Figure 1 is a Forest plot which graphs the effects sizes and their individual 95% confidence intervals. The resulting overall effect size is demonstrated by the means diamond at the base of the plot.
 
 
Figure 1. Forest plot of ES with their 95% confidence intervals.
 
Discussion of heterogeneity
The next task is to determine if there is significant heterogeneity among the studies. The statistic that we invoke is called the Q statistic and is used to determine the degree of heterogeneity. We do not compute it here. Suffice it to say, if Q is close to 0 then there is no heterogeneity. The Q has a chi square distribution (6) on k-1 degrees of freedom (df) or the number of studies minus one. Like other statistics we calculate Q and compare it to a critical value for the Chi square distribution. The null hypothesis is that there is no heterogeneity in the combined analysis or H0: Q=0 versus the alternative hypothesis, HA: Q¹ 0 implying there is significant heterogeneity. The critical value of the 9 studies for a chi square distribution on 9-1=8 df at an alpha level of 0.05 is 16.919. The calculated value of Q from our data is 38.897. Clearly the calculated Q is much greater than the critical value – over twice as much. Therefore we reject the null hypothesis and determine there is significant heterogeneity among our studies. This does not change our conclusion that there is no significant effect due to A. However, it does alert us that we should try to determine the source of the heterogeneity. Some possible sources of heterogeneity may be the clinical differences among the studies such as patient selection, baseline disease severity, management of inter current outcomes (toxicity), patient characteristics or others. One may also investigate the methodological differences between the studies such as mechanism of randomization, extent of withdrawals and lost to follow up or heterogeneity still can be due to chance alone and the source not easily detected. Quantifying heterogeneity can be one of the most troublesome aspects of meta-analysis. It is important because it can affect the decision about the statistical model to be selected (fixed or random effects). If significant heterogeneity is found then potential moderator variables can be found to explain this variability. It may require concentrating the meta–analysis on a subset of studies that are homogeneous within themselves. Let’s pursue this idea of heterogeneity one step further. Let’s examine the I2 index (6) which quantifies the extent of heterogeneity from a collection of effect sizes.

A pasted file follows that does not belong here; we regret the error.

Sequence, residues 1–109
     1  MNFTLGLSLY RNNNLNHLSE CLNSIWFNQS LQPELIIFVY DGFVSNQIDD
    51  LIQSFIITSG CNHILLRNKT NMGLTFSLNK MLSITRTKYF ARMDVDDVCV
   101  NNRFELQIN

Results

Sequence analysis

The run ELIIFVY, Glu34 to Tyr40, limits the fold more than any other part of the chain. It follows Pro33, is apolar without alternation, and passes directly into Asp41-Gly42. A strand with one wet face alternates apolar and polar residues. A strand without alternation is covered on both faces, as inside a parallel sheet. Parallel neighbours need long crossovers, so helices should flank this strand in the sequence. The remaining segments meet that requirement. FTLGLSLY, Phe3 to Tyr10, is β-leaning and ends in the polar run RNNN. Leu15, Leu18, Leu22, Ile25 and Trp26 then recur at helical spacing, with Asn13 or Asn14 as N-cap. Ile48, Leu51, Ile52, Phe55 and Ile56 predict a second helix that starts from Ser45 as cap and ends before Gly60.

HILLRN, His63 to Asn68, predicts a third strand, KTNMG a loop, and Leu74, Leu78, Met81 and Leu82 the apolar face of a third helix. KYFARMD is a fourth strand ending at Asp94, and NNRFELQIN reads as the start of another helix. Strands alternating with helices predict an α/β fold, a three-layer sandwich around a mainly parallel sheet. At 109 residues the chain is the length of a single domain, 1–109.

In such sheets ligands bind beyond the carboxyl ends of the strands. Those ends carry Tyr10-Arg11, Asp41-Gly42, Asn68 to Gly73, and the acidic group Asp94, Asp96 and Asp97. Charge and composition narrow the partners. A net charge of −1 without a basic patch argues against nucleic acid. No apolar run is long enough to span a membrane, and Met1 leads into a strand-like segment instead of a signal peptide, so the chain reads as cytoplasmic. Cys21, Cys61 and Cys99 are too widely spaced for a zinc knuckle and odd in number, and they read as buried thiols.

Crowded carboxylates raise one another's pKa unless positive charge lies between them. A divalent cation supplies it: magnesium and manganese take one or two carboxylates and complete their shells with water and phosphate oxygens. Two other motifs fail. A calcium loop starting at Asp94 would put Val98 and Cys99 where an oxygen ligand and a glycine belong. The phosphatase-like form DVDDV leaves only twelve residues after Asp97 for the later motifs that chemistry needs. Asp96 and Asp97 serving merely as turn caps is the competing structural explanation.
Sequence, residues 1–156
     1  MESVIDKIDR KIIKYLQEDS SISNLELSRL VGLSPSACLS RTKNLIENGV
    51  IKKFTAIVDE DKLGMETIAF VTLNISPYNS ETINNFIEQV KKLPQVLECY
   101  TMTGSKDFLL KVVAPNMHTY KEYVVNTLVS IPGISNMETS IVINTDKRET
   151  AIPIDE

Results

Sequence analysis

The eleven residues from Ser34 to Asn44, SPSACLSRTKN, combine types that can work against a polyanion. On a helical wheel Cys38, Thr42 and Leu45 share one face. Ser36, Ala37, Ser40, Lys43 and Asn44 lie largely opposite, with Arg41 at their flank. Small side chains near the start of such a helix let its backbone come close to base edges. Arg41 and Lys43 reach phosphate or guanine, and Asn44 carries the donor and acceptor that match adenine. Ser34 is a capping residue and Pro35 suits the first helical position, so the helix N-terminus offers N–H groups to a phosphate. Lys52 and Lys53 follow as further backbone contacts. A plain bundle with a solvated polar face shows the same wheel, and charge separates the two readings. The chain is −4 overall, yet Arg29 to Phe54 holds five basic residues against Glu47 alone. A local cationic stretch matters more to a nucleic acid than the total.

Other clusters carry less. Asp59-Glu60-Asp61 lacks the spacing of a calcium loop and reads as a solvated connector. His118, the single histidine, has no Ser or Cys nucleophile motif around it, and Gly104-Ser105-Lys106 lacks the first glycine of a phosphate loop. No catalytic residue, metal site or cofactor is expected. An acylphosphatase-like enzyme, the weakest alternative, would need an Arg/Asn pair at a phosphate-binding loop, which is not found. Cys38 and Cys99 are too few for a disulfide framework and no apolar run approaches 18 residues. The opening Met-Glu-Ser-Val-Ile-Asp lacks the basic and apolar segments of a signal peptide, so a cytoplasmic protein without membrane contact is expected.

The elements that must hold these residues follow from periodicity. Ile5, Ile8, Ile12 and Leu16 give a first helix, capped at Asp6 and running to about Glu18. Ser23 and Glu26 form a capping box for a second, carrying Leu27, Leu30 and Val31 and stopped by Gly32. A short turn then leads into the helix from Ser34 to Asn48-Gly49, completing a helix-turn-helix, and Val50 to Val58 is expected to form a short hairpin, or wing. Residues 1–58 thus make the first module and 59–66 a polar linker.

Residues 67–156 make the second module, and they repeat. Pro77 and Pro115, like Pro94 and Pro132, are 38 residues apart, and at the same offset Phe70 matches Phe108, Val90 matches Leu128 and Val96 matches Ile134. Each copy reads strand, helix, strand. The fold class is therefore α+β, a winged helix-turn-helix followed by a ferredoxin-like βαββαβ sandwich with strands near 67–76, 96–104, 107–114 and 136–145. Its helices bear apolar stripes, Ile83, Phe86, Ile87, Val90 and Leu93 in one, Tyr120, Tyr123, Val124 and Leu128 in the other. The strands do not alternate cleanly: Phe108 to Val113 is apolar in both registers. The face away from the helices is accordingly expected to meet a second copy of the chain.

The I2 index can easily be interpreted as the percentage of heterogeneity in the system or basically the amount of the total variation accounted for by the between studies variance, t2. In our example I2 = 79.433% or 79.4% of the variance or heterogeneity is due to t2 or the between studies variance.
Publication bias